All Things Considered on NPR News

Weekdays from 3-6pm (with Marketplace at 3:30)
Hosted by: Melissa Block, Audie Cornish, Robert Siegel &
Thom Kokenge

NPR's afternoon radio newsmagazine brings you breaking news and compelling analysis, insightful commentaries, interviews, and special - sometimes quirky - features. Thom Kokenge also updates you on regional news, and weather forecasts on your drive home.

Below, you will find articles, transcripts, and clips of many of the stories heard on All Things Considered.

Visit All Things Considered on NPR.org

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The Salt
1:27 pm
Tue February 26, 2013

Family Dinner: Treasured Tradition Or Bygone Ideal?

From left: 8-year-old Celedonia, 3-year-old Gavin, Amy Spencer and Doug Brown gather around the kitchen as Doug prepares a fruit salad for dinner.
Maggie Starbard NPR

Originally published on Thu February 28, 2013 12:06 pm

When we asked you (via our Facebook page) to tell us about the weekday challenges your families face, given the competing demands of work, commutes, schoolwork and activities, you didn't hold back. Especially on the subject of squeezing in a family dinner.

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Middle East
1:08 pm
Tue February 26, 2013

Sanctions Bite, But Iran Shows No Signs Of Budging

An Iranian woman shops at a supermarket in the capital, Tehran, on Feb. 22. International sanctions have hurt Iran's economy, but prospects for a breakthrough on Iran's nuclear program are dim as negotiators meet in Kazakhstan.
Behrouz Mehri AFP/Getty Images

Originally published on Wed February 27, 2013 9:31 am

A new round of international talks on Iran's nuclear program is under way in Kazakhstan, where the U.S., Britain, France, China, Russia and Germany are asking Iran to give up any thought of building a nuclear weapon in exchange for relief from sanctions.

Western leaders do not predict a breakthrough, but they say small steps could be taken that would increase confidence on both sides.

Still, it's hard to imagine how such negotiations could proceed with lower expectations for progress.

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Shots - Health News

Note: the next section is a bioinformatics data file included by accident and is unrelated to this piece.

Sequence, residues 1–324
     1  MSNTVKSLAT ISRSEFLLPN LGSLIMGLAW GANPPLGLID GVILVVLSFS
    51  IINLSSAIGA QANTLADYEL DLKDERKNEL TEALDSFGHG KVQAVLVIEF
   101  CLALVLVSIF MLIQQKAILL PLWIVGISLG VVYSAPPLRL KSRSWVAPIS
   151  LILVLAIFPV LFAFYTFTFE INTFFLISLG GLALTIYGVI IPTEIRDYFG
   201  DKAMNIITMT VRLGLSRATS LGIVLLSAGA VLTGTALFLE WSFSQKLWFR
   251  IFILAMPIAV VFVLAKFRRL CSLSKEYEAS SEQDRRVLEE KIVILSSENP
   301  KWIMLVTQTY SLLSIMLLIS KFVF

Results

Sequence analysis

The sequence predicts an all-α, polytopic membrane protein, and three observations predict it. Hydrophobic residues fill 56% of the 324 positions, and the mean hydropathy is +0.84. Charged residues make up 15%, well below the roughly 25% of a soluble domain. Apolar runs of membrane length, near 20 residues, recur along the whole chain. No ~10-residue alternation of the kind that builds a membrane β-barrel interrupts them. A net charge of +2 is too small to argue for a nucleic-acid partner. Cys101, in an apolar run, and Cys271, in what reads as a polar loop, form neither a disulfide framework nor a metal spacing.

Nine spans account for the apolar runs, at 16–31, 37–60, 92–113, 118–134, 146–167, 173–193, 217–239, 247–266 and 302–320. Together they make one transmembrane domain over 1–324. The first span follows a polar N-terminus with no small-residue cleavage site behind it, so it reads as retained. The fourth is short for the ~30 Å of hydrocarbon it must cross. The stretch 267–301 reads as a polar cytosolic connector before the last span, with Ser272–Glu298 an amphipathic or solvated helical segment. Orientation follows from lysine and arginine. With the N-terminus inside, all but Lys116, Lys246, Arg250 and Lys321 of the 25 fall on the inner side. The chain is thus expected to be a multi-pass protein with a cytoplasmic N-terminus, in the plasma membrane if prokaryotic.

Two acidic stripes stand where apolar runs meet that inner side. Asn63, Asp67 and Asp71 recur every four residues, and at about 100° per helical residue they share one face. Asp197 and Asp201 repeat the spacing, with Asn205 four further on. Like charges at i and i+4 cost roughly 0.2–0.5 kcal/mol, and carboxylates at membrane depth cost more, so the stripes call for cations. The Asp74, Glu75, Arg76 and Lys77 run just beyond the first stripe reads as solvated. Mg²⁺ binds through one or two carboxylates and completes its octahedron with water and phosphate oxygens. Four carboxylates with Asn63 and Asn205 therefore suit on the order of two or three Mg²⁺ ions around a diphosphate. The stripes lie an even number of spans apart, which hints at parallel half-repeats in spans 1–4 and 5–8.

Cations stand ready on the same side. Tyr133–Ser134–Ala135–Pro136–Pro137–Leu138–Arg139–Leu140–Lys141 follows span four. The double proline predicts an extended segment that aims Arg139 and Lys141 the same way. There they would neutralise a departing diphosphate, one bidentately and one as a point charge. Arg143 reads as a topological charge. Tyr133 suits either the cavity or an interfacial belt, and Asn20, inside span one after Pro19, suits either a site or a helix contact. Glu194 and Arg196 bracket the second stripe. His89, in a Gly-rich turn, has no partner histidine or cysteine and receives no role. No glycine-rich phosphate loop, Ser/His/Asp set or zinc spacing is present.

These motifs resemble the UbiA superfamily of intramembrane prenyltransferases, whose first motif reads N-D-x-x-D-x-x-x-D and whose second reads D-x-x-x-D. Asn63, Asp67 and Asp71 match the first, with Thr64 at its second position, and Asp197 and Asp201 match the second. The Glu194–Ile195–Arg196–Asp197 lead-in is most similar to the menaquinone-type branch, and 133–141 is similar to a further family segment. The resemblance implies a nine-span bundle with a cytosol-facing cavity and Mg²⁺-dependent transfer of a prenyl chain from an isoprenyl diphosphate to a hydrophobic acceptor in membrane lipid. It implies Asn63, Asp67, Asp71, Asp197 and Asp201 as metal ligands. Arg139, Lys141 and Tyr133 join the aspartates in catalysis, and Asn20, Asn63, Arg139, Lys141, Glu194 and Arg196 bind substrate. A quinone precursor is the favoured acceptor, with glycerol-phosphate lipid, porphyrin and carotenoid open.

4:31 pm
Mon February 25, 2013

Governors' D.C. Summit Dominated By Medicaid And The Sequester

Iowa Gov. Terry Branstad speaks during a panel discussion at the National Governors Association 2013 Winter Meeting in Washington, D.C.
Manuel Balce Ceneta AP

When the nation's governors gathered in Washington, D.C., over the weekend for their annual winter meeting, the gathering's official theme was about efforts to hire people with disabilities.

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Economy
2:53 pm
Mon February 25, 2013

Too Soon To Blame Payroll Tax For Stagnant Retail Sales?

Wal-Mart is one of several large retailers that say an increase in the payroll tax may hurt U.S. sales in the months ahead.
Daniel Acker Bloomberg via Getty Images

Originally published on Mon February 25, 2013 4:23 pm

For Darden Restaurants, the company behind Olive Garden and Red Lobster, its earnings projections out last week were not pretty. Sales will fall, it said, and company CEO Clarence Otis called higher payroll taxes a "headwind."

After a two-year tax break, the payroll tax, which funds Social Security payments, went back up to 6.2 percent on Jan. 1. The 2-percentage-point increase is an extra $80 a month in taxes for someone earning $50,000 a year.

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Remembrances
2:32 pm
Mon February 25, 2013

Koop Turned Surgeon General's Office Into Mighty Education Platform

Originally published on Tue February 26, 2013 10:34 am

Transcript

AUDIE CORNISH, HOST: